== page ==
Height may be a contributing factor to developing blood clots.
A new study from Sweden published in the American Heart Association journal Circulation suggests that taller people have an increased risk of developing venous thromboembolism, or blood clots in the veins.
The study analyzed information from over 2 million Swedish siblings.
Is Height a Factor?
Researchers found that males shorter than 5 feet 3 inches had a 65 percent lower risk for the condition than men 6 feet 2 inches or taller.
Women who were shorter than 5 feet 1 inch had a 69 percent lower risk for venous blood clots compared to their counterparts 6 feet or taller.
One theory the researchers had regarding the development of the condition was that the leg veins of taller people experienced increased gravitational pressure, which can slow or stop blood flood. Another theory is that taller people simply have longer veins and more area for clots and circulation issues to develop.
“Height is not a factor in venous thromboembolism that medical treatments can change, but more research into the connections between height and blood clots may give doctors and researchers an idea of who develops blood clots and why,” said Dr. Michael Budler.
Budler is an interventional radiologist in Grand Island, Nebraska.
Causes of Clots
Other causes of venous thromboembolism include extended periods of immobilization or hospitalization, sedentary lifestyle, inherited blood-clotting disorders and cancer.
Women are especially at risk of developing venous thromboembolism if they are pregnant, use oral contraceptives or take hormone-replacement therapy during and after menopause.
Blood clots can also develop in the arteries. Contributors to developing arterial blood clots include smoking, obesity, high blood pressure, high cholesterol and diabetes. Some heart conditions such as atrial fibrillation also contribute to an increased risk of blood clots in the arteries.
Complications of Blood Clots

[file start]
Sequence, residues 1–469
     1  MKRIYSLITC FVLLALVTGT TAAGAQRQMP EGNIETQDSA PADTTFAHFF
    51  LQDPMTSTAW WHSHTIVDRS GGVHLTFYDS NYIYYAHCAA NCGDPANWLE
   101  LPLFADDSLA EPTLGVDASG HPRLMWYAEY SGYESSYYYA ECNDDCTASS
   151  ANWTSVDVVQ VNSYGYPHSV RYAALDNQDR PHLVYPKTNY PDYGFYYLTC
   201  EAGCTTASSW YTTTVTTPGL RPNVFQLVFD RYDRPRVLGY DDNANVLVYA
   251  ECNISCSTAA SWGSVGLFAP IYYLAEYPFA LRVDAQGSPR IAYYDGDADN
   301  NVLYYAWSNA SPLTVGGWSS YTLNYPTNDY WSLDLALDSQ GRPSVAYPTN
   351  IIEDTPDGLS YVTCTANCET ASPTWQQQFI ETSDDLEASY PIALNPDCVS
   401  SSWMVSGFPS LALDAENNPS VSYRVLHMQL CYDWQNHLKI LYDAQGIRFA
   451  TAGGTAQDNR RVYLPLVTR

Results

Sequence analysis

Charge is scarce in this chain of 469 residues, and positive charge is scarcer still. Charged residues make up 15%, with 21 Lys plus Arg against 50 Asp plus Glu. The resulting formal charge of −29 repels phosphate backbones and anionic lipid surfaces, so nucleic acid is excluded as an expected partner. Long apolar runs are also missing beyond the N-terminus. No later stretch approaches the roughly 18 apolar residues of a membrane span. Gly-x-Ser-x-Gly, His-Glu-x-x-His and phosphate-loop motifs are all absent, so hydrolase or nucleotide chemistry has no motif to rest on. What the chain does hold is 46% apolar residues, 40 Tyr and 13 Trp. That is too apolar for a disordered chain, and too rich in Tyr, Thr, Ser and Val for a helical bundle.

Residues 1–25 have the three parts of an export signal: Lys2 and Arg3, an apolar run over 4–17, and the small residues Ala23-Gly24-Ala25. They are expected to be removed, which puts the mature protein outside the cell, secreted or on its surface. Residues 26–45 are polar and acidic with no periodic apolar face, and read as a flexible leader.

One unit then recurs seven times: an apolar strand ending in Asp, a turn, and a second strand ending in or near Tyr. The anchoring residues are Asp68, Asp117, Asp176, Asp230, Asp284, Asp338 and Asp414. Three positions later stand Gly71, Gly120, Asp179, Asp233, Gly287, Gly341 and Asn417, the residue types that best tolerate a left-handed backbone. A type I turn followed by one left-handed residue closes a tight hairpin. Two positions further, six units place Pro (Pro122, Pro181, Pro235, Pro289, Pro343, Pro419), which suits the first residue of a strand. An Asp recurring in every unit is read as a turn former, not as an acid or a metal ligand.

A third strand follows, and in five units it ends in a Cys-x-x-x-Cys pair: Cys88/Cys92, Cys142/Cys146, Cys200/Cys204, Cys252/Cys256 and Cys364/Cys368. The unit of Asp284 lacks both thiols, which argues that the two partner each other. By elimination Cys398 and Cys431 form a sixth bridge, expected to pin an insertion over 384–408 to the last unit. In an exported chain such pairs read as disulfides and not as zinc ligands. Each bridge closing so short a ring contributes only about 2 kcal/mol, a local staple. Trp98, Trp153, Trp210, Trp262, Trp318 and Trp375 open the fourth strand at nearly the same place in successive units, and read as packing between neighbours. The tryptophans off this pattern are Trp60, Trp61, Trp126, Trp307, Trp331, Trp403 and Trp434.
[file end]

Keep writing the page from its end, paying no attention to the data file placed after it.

Wherever they develop, blood clots are dangerous, especially for people with peripheral artery disease.
“Blood clots can lead to heart attack, stroke and even death, and when combined with a condition like PAD, the risk of a serious event is even higher,” Budler said.
PAD is a condition that develops when fatty deposits, cholesterol and calcium build up on the walls of the arteries, narrowing them and affecting blood flow to the extremities, head and neck.
“When an artery narrows from arterial plaque, the space that blood has to flow is reduced. A blood clot could become stuck in the narrowed space and halt blood flow,” Budler said.
When blood flow stops, a heart attack or stroke can occur as a result of a lack of oxygen. Tissues may be irreversibly damaged, and patients may suffer lifelong repercussions.
In addition to the increased risk of heart attack, stroke and death, people with PAD experience high blood pressure because the heart has to work harder to move blood through the body. Other side effects of PAD include severe cramping, numbness and tingling in the extremities.
Many people with PAD experiences changes in the skin and nails, hair loss and the development of skin ulcers because of a lack of blood and oxygen.
The lack of blood and oxygen to the extremities can also delay healing.
“If a person with PAD cuts themselves while shaving, they may find that the cut takes a very long time to heal or does not heal at all, leaving them susceptible to infection,” Budler said.
Treatments to reduce the risks associated with blood clots and PAD include the angioplasty and vascular mesh stenting procedures to push arterial buildup back against the wall of the affected blood vessels to increase blood flow.
American Heart Association. “Can height increase risk for blood clots in veins?.” ScienceDaily. ScienceDaily, 6 September 2017.